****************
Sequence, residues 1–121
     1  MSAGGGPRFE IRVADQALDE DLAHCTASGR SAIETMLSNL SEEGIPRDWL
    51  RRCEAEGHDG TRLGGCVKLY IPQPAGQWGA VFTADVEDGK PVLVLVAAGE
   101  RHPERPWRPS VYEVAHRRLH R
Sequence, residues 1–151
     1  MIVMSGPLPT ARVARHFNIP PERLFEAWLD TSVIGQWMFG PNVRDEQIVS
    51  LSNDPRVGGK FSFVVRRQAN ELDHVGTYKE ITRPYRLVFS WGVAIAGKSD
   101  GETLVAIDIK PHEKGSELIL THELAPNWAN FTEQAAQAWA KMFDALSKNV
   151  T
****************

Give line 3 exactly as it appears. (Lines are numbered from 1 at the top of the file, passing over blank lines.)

    51  RRCEAEGHDG TRLGGCVKLY IPQPAGQWGA VFTADVEDGK PVLVLVAAGE